in the images you'll be getting despite spending all this money.

Don't say we didn't warn you.
And no, there's nothing wrong with your camera.



That sort of fair warning/truth in advertising would go a long way to helping me feel better about the plethora of warbler images I take that look like this:


Or the ones that look like this:


Or this. Great photo of vegetation, perfectly in focus, hiding a blurry bird.



And then, before you figure things out, the bird bolts. Sweet!

But if the birding gods are smiling, the bird does a 180 and stops to check you out for just five seconds more, and you get this (below), an image which is JUST GOOD ENOUGH to keep you coming back, camera in hand, chasing after colorful fleeting things with wings.


Cropping and tweaking results in an image that is good enough for the old blog, but probably won't pass muster for the cover of National Geographic. Still, what a handsome devil this male magnolia warbler is!

Happy shutter-bugging to every bird watcher who is similarly afflicted.

Monday, May 18, 2009

Warblers Up Close

Monday, May 18, 2009
10 comments
Bay-breasted warbler, probably an old female, at Magee Marsh.

Having lived in Ohio for most of my birding life as a grown-up (relatively speaking), you'd think that catching the phenomenal warbler and songbird migration at Magee Marsh along Lake Erie's southern shore would be something I'd experienced annually. Most avid bird watchers in Ohio (and in the surrounding states for that matter) get to Magee at some point during the height of spring migration—between mid-April and mid-May.

To a migrant songbird in spring, Magee Marsh is the perfect rest stop before flying over Lake Erie and into Canada. When the wind is blowing from north to south (a headwind for migrants) the birds drop into the trees at Magee to rest, forage, and wait for more favorable traveling weather.

I'd been to the famous Magee boardwalk in spring, but always a bit too early or too late to catch many migrants. And I was there once with a team of birders trying to break Ohio's Big Day record. We timed things perfectly for everywhere in the state, except Magee, which was practically birdless on that May morning. Perfect weather—clear skies and a south to north wind—encourages the northbound birds to keep on moving across Lake Erie. And we chose for our Big Day attempt, a perfect weather day for the birds to keep on flying north. We ended that day deep in the wilds of southern Ohio, with 186 species (well short of the record) and with a bunch of unchecked boxes among the warblers on our checklist.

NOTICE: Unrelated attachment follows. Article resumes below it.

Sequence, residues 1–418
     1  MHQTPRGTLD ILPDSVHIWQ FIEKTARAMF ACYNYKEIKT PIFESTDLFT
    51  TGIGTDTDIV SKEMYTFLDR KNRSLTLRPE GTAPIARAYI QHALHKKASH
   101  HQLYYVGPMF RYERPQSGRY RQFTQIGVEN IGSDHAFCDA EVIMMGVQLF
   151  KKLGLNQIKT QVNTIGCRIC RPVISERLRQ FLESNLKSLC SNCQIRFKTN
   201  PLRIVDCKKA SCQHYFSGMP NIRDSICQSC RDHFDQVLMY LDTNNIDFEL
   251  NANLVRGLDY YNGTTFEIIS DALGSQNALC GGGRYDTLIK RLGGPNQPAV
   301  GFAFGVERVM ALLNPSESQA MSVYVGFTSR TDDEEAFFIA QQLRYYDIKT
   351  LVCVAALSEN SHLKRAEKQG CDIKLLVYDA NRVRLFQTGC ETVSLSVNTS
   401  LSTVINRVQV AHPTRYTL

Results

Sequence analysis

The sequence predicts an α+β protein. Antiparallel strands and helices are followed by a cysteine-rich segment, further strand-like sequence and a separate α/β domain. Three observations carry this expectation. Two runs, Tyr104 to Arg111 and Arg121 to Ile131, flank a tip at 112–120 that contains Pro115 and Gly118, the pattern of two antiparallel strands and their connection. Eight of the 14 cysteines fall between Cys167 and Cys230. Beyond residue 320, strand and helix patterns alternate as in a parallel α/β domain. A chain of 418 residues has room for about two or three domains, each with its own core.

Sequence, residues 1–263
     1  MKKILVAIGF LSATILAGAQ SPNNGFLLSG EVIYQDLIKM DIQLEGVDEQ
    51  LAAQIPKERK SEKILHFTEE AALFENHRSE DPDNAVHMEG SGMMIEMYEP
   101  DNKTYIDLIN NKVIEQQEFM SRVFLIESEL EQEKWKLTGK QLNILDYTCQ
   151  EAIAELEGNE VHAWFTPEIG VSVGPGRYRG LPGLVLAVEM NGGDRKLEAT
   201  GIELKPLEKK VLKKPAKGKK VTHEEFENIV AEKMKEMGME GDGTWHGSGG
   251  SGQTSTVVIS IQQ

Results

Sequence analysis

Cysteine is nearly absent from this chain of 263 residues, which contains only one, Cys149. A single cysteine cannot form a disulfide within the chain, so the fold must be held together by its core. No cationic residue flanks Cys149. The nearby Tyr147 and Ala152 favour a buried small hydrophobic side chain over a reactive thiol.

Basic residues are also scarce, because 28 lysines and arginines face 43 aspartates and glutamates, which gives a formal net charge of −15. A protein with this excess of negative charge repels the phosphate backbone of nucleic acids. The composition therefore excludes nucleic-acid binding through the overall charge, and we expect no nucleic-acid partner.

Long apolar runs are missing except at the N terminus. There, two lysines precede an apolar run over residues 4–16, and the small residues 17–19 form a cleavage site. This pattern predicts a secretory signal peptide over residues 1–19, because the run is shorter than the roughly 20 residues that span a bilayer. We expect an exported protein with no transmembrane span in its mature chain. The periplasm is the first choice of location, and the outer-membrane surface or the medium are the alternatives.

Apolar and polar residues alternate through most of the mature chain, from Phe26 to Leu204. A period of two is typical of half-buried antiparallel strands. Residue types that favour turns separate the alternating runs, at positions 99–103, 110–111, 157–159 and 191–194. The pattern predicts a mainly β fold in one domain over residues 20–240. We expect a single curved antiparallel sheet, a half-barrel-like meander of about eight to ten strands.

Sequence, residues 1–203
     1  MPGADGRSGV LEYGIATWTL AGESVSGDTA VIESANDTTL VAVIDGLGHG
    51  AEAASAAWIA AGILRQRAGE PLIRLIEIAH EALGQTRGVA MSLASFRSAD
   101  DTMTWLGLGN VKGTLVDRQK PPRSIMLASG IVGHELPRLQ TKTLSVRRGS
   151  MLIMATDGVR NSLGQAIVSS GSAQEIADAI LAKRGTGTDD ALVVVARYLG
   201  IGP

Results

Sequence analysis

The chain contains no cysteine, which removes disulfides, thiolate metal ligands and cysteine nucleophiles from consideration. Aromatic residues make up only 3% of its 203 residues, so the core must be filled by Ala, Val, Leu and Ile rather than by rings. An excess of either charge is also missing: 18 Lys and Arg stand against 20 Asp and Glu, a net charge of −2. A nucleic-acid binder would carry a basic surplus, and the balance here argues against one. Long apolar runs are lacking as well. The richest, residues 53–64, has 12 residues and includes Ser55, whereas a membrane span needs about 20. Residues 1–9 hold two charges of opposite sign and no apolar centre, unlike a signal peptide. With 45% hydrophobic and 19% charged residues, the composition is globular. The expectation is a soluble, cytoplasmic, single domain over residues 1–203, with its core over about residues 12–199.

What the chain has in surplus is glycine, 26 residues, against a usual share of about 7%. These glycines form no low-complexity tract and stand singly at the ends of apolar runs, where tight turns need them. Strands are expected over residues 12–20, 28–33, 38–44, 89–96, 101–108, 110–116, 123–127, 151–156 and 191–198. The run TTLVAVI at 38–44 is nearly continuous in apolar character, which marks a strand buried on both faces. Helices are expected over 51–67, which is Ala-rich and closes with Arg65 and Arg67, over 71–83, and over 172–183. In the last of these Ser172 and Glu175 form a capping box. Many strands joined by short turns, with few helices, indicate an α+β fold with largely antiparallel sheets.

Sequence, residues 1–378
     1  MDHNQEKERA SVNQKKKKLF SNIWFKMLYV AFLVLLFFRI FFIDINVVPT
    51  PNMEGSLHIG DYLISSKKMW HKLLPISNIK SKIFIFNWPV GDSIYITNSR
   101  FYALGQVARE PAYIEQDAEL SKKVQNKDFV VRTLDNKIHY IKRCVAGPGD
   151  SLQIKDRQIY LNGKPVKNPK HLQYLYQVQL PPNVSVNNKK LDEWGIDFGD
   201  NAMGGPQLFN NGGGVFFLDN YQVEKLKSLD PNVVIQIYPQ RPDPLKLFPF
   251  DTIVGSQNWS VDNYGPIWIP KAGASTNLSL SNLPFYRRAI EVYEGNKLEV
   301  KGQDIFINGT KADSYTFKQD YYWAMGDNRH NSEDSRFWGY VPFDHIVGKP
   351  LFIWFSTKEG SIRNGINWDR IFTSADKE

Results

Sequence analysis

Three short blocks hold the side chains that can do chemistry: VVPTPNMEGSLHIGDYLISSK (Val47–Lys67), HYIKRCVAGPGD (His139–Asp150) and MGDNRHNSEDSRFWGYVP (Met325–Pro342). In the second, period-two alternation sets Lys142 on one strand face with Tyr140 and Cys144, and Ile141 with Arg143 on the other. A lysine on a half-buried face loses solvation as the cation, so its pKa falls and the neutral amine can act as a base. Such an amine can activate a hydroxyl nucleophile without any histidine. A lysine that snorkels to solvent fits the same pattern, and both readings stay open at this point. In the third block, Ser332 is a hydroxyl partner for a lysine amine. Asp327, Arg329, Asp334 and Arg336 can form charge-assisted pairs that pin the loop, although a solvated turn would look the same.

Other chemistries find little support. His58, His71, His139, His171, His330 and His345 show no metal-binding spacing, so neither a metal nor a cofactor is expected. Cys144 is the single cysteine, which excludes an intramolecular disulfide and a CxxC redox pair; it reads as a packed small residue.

Last weekend the Ohio Ornithological Society held its annual meeting not too far from Magee Marsh. As a board member of this fine organization, I was required to be at the meeting, with the happy knowledge that it would REQUIRE me to spend two mornings watching birds at one of North America's most famous warbler hotspots.

The first day, Saturday, was overcast but warm at the start. By the time we left Magee around 11:45 AM to head to some other local birding sites, it was getting cooler and starting to rain. Still, we saw 20 warbler species, three vireo species, three thrush species, and so on. It was my best day ever at Magee. My fellow bird watchers chuckled at my enthusiasm.

Then came Sunday. Sunny and cold at daybreak, it did not really warm up until well into the afternoon. Bird watchers along the boardwalk gathered in crowds within the scattered pools of sunlight. If I'd thought Saturday was good, Sunday was amazing. Thousands of newly arrived birds moved through the trees, brush, and undergrowth. Everywhere you looked there was movement and song. People called out warbler names to no one in particular, with a mixture of joy and wonder in their voices. I thought to myself: This must be what heaven is like for birders. Except heaven would have a few more Porto potties and beautiful angels would be plying us all with warm doughnuts and hot coffee. But this was pretty close!